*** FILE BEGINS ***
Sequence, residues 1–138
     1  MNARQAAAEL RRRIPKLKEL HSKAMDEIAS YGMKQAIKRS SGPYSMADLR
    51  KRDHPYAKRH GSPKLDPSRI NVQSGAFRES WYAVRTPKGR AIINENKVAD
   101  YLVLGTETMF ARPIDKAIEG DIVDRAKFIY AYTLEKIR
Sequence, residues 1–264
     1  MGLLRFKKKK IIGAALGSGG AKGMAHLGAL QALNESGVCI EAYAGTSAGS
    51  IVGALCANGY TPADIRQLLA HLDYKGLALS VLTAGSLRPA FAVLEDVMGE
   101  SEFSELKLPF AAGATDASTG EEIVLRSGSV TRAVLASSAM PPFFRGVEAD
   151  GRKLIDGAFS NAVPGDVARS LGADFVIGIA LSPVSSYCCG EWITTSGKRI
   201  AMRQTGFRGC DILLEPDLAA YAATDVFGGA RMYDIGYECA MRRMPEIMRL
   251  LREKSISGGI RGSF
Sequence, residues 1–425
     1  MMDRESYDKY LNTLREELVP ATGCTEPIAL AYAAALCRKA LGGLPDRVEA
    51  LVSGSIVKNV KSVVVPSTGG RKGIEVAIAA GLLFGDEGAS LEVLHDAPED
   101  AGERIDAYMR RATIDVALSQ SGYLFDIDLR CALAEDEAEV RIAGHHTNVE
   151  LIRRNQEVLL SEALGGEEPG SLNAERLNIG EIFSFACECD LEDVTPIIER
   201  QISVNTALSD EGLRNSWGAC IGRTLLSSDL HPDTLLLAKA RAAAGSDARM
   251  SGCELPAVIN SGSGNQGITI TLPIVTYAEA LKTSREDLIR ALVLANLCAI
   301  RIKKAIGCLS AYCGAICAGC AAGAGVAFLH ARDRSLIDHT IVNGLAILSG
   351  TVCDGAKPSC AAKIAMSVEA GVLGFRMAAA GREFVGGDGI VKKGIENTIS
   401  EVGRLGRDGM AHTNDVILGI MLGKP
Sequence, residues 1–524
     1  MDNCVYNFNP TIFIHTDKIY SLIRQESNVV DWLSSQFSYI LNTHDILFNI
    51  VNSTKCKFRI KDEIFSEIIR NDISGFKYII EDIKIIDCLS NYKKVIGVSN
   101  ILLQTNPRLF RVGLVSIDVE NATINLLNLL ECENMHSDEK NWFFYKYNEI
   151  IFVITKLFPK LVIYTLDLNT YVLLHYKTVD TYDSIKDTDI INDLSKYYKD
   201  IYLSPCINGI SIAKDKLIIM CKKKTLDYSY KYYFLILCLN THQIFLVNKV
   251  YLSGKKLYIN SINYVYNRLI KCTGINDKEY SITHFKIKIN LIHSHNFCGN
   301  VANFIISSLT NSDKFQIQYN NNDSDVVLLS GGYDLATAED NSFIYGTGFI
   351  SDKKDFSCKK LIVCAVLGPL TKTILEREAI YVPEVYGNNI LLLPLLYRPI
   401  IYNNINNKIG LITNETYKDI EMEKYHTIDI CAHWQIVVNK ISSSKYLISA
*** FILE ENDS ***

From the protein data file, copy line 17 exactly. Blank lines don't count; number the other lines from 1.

   201  QISVNTALSD EGLRNSWGAC IGRTLLSSDL HPDTLLLAKA RAAAGSDARM